EDITOR’S NOTE: The salary and benefis totals for the City of Liberal Commissioners will be reported in Friday’s Leader & Times for comparison.
By ROBERT PIERCE
• Leader & Times
In Seward County, county commissioners receive a salary and some benefits. A few board members have chosen to take advantage of all of those benefits, while others choose to take only some.
Salaries for each of the five commissioners is $570 per pay period. The county has 26 pay periods in a fiscal year, giving each board member just less than $15,000 annually, with the county spending nearly $75,000 to pay them.
According to documents obtained from the Seward County Administrator’s office, all five commissioners are under the county’s life insurance plan, to which the county pays $13.50 per month for four of the commissioners. Chairman Jim Rice has opted for a plan which costs $8.78 per month. That brings the total price tag for the county’s life insurance plan for commissioners to a little more than $750. The policies pay $50,000 for elected officials and $100,000 for accidental death. The cost of the policy is reduced for employees older than 65.
Cell phones are another benefit county commissioners are offered, but only two, Rice and Randy Malin, are taking advantage of that item. The taxable benefit for a county cell phone adds $2.50 per pay period to a commissioner’s gross income, and the additional pay is subject to withholding tax. After tax calculations, the additional pay is decreased from their gross wages. Annually, for Rice and Malin, the county’s cell phone plan runs $130.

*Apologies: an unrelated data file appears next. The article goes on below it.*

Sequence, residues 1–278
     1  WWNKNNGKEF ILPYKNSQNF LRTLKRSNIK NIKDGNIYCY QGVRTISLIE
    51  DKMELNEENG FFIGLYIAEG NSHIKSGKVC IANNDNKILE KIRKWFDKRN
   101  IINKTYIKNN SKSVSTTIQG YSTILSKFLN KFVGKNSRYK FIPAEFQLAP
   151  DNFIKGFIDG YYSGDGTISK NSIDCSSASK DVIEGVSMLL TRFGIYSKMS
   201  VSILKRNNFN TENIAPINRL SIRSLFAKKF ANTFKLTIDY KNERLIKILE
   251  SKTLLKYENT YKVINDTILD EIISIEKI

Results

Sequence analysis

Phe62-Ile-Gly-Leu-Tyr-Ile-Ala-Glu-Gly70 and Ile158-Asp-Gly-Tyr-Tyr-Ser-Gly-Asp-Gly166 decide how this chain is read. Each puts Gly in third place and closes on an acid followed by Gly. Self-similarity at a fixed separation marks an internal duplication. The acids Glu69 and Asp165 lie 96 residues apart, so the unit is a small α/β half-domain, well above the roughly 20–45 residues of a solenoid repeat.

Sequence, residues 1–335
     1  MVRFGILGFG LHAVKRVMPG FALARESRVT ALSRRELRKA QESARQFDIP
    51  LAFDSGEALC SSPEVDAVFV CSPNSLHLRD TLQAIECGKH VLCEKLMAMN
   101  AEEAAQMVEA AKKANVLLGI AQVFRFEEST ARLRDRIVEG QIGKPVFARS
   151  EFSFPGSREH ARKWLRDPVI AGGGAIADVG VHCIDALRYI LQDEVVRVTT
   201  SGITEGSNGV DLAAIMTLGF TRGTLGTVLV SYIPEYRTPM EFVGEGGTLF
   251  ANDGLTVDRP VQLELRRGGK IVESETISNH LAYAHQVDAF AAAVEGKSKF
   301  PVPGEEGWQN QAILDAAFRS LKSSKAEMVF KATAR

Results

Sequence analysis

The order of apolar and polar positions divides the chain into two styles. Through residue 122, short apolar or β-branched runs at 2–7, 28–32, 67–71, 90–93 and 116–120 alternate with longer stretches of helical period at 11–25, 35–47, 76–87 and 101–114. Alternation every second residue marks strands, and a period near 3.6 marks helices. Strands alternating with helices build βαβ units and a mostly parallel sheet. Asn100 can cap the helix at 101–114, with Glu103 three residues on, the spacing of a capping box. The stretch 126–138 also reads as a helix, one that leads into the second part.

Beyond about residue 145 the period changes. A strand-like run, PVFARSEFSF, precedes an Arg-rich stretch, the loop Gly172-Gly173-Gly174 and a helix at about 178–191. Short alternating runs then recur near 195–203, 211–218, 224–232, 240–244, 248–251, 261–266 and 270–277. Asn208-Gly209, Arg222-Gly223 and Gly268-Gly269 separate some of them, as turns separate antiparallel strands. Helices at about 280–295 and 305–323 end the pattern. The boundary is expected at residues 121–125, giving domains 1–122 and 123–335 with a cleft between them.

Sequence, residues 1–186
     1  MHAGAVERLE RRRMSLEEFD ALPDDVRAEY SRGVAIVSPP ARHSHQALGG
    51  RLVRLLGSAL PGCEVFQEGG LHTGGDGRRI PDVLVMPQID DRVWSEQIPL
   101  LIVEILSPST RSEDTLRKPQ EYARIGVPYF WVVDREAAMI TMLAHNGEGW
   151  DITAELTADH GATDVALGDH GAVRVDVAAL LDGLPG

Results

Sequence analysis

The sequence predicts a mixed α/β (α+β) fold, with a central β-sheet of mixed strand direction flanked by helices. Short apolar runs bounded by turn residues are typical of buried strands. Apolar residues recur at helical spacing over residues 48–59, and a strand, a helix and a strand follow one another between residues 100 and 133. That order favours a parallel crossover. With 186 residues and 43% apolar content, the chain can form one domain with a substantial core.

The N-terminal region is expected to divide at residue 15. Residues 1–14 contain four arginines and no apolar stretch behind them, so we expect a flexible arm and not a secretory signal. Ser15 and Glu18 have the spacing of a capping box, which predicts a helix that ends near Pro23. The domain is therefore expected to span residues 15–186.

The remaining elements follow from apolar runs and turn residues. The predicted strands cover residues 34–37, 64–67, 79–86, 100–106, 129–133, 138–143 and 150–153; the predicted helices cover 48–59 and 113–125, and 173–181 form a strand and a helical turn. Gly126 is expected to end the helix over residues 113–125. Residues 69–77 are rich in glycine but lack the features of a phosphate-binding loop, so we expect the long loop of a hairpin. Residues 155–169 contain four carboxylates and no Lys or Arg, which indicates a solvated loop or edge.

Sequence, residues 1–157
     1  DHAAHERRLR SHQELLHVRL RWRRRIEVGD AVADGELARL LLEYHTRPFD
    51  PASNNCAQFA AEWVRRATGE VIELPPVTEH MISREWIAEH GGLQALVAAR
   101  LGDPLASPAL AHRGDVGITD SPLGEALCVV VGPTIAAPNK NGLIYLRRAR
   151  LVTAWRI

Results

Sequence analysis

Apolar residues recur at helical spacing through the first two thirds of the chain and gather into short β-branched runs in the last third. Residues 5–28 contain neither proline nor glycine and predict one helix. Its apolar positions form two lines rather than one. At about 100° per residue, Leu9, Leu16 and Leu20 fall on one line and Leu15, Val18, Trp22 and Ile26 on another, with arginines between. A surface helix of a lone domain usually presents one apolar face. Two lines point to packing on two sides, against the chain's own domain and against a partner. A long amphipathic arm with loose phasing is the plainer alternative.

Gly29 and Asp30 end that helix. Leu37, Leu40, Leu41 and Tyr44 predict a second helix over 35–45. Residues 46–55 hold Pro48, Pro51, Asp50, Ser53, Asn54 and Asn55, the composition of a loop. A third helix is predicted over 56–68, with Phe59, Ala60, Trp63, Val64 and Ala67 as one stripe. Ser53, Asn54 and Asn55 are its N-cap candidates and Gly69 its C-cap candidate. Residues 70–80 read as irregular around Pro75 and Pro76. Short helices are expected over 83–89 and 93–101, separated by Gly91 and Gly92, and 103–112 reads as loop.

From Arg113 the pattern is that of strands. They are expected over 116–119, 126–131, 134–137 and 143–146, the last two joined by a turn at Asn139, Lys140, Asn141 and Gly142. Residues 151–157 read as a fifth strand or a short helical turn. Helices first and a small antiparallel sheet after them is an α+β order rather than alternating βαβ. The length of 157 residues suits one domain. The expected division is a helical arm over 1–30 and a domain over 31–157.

The county likewise offers two health insurance plans, one for family and one for individuals. Rice and Malin are currently on the family plans, to which the county pays a little more than $1,200 per month. The commissioners pay in $140 a month for that plan. Commissioner C.J. Wettstein takes the single plan, which costs him nothing, as the county pays the policy in full at a cost of just more than $650 a month. With those three commissioners on board, the county currently spends more than $37,000 a year on health insurance for the board.
Part of commissioners’ paychecks are also given to the Kansas Public Employees Retirement System. Four of the five board members now have withdrawals of about $38 per pay period taken for that item, with Rice opting not to go with KPERS. The county pays just less than $4,000 annually for this item. KPERS is calculated at a bi-weekly rate. The county portion is 6.74 percent of the commissioners gross salary per pay period, and employees have a life insurance policy equal to 150 percent of their annual salary with this contribution.
Finally, all five commissioners are on the county’s Social Security and Medicare plan, with an approximately $43 deducted per pay period. The county pays about $5,600 for those items.
Elected officials receive no accrued paid time off, the county equivalent to vacation and sick pay.
The total annual price tag for salaries and benefits for county commissioners is just less than $125,000.
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